The 2000 presidential race between Democrat Al Gore and Republican George Dubya Bush was close and complicated. Equipment problems, particularly Florida's notorious "hanging chads," resulted in a close and shifting tally.
Exit polls showed the election won by Gore, then Bush. Many people went to bed thinking that Gore had won, only to discover in the morning that Bush had been declared the winner. The election process went on for weeks. It was simply too close to call. Several states were up for grabs, but in the end it came down to Florida, where Bush's younger brother, Jeb, was governor.
Florida electors were unable to commit themselves to either Bush or Gore because of the closeness of the vote. Tirades erupted in several precincts where the candidates' backers traded accusations about improprieties, such as race-based voter rejection and confusing ballots and equipment.
In a small precinct made up largely of Jewish Democrats from New York and New Jersey, Patrick Buchanan, who was perceived by many Jews as an anti-Semite, somehow took 47 votes for president. Some people said they punched a hole on the ballot next to Gore's name that actually registered a vote for Buchanan. There were many who said they knew they mistakenly voted for him but had not realized it until after they cast their ballots. Others said they knew immediately they had made a mistake and punched a second hole in the presidential race, voiding their vote.
And some said they knew they had cast the wrong vote but did nothing because they said they were either embarrassed, ashamed or did not know what to do. Many did ask for a new ballot after mistakenly punching the wrong hole but before inserting the ballot in the box, and they received a new one. But others said they did not know they could.
Of the more than 1,700 votes cast at Precinct 162G, only 47 people, or less than 4 percent, voted for Buchanan, and residents there said that all or almost all of those 47 votes were actually intended for Gore. It is a small percentage in this precinct, but in such a close race every wasted vote seemed to cause great misery.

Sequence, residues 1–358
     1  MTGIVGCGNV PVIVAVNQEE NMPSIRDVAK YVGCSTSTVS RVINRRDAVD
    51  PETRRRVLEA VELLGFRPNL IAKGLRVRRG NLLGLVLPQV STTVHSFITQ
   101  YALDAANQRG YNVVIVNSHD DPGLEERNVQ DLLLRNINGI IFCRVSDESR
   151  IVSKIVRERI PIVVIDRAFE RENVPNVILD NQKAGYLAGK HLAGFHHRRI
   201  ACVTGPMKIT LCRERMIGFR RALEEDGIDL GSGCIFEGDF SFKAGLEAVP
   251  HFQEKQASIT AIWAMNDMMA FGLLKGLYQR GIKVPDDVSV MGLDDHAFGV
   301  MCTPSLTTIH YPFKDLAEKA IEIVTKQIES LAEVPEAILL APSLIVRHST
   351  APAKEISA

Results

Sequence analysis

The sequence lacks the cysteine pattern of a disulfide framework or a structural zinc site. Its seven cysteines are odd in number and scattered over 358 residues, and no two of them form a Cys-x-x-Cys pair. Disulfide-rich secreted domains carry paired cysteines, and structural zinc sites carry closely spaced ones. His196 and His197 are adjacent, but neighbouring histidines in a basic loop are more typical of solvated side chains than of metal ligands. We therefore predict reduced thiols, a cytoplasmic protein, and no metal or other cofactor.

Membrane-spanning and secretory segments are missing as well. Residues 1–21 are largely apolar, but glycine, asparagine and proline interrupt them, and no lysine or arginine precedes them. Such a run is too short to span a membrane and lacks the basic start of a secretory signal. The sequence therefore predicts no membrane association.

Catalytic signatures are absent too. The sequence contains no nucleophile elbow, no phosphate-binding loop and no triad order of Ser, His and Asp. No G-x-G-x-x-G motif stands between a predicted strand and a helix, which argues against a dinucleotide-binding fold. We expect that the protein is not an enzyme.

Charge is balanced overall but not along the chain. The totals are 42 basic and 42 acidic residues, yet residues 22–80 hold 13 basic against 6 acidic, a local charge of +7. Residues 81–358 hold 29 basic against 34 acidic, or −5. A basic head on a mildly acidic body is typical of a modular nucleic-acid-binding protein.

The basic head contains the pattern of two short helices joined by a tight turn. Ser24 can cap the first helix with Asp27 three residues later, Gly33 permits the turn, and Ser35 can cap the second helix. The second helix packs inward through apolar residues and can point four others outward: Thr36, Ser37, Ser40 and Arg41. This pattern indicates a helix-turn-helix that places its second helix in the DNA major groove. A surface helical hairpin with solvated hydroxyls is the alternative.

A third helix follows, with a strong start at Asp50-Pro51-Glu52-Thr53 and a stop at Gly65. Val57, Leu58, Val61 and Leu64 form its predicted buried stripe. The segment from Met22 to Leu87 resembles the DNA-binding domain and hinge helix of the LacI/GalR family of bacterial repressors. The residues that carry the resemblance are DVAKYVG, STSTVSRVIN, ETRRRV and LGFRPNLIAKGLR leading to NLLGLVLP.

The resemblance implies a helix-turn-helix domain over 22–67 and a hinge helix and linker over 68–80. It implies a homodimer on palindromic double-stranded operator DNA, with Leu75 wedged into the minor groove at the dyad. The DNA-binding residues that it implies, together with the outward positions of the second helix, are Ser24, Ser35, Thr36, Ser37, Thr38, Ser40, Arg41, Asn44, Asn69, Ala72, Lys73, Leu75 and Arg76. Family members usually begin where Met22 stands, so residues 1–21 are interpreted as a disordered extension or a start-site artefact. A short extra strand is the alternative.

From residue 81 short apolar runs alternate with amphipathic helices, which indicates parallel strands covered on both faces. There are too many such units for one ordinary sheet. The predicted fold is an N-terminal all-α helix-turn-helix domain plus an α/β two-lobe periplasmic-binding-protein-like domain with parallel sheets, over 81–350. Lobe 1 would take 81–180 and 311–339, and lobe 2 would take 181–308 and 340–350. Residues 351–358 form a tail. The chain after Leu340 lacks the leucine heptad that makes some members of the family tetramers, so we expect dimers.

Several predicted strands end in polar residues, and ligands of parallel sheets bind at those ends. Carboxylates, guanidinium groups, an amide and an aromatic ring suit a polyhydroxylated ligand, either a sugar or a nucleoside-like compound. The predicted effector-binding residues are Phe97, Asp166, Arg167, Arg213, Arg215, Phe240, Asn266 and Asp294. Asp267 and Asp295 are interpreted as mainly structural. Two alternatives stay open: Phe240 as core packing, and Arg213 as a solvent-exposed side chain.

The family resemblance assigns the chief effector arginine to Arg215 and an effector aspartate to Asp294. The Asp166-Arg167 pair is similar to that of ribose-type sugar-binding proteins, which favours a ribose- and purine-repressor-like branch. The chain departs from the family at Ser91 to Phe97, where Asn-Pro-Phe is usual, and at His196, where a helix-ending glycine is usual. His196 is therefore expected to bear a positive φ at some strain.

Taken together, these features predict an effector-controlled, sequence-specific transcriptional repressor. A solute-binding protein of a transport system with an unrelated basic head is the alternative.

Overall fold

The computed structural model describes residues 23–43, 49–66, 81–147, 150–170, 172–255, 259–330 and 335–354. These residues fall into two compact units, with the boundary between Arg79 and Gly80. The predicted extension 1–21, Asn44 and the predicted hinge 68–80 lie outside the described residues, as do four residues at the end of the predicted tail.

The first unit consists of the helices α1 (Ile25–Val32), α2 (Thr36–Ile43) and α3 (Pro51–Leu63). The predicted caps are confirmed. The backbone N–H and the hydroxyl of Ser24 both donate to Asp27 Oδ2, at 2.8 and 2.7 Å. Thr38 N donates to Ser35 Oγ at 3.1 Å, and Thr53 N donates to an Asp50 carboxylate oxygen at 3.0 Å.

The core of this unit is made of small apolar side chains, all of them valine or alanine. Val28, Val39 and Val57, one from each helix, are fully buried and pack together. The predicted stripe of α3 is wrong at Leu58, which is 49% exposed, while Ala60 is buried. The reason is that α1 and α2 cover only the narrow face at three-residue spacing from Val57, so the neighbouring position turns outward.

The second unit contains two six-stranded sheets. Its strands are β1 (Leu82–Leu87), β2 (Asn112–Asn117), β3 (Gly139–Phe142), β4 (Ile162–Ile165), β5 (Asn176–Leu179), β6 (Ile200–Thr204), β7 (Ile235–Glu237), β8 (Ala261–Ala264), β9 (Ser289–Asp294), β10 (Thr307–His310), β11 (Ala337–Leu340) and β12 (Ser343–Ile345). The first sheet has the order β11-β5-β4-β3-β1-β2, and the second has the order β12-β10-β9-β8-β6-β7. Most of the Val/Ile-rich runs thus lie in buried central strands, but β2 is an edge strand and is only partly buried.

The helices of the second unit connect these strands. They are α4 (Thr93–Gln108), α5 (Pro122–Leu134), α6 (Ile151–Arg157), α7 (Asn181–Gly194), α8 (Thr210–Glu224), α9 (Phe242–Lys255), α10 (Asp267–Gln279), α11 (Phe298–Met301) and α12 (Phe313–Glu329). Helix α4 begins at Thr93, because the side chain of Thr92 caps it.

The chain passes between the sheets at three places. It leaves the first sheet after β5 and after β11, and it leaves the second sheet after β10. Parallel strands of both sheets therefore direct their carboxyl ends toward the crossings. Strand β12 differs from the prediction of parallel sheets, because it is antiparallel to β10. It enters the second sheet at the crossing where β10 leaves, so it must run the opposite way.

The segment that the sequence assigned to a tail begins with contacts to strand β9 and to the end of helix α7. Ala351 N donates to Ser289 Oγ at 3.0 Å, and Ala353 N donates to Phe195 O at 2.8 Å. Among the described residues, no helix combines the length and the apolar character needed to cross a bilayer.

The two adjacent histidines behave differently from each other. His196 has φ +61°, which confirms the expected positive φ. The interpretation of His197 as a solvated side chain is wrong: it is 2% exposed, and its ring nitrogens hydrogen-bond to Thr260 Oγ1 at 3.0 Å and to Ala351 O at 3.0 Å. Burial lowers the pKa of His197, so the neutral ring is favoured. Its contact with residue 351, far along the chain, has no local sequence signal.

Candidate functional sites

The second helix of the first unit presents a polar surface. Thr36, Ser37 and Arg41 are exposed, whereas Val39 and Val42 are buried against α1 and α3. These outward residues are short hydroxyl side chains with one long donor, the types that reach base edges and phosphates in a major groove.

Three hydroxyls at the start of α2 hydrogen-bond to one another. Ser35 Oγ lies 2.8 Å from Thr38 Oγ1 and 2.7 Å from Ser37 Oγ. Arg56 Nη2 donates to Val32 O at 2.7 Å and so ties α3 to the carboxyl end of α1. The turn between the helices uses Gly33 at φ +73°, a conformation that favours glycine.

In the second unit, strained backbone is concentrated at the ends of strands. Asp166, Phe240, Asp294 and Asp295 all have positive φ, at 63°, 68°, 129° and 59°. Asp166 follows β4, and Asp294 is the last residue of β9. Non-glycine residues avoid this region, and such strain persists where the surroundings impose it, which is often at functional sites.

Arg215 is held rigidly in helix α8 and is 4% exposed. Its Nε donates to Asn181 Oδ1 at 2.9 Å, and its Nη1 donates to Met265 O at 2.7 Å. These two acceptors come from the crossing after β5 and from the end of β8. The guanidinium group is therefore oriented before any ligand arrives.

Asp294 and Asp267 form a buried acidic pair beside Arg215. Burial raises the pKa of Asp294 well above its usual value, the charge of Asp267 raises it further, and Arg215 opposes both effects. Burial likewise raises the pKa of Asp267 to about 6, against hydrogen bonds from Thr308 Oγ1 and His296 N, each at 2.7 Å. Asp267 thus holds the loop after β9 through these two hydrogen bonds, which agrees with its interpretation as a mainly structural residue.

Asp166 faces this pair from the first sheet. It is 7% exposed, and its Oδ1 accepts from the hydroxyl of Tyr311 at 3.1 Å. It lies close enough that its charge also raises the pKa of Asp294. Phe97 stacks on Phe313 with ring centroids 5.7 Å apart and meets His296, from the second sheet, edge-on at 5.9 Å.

Recounts were started, then stopped, as Republicans and Democrats wrangled over what standards to apply. It was more than a little chaotic. The closeness of the outcome, as well as reports of votes being miscounted, led to the Florida election recount.
Two initial recounts went to Bush, but that outcome was tied up in courts for a month until reaching the US Supreme Court. On December 9 the Court reversed a Florida Supreme Court ruling ordering a third count, and stopped an ordered statewide hand recount based on the argument that the different standards that different counting procedures would have used violated the Equal Protection Clause of the Fourteenth Amendment. The machine recount stated that Bush had won the Florida vote by a margin of 537 votes out of six million cast.
Bush received 271 electoral votes to Gore's 266 as a result of the Florida outcome. However, he lost the popular vote by more than half a million votes making him the first president elected without at least a plurality of the popular vote since Benjamin Harrison in 1888.
The US Supreme Court voted five to four to send the case back to the Florida Supreme Court, which had no alternative but to dismiss it. The presidential election of 2000 had been decided, in essence, by the vote of one Supreme Court justice.
Needless to say, Bush supporters were jubilant and Gore supporters were incensed. Many people were simply happy to have things settled, but others worried that the Court had gone too far. (info from the New York Times, Wikipedia & Dummies.com)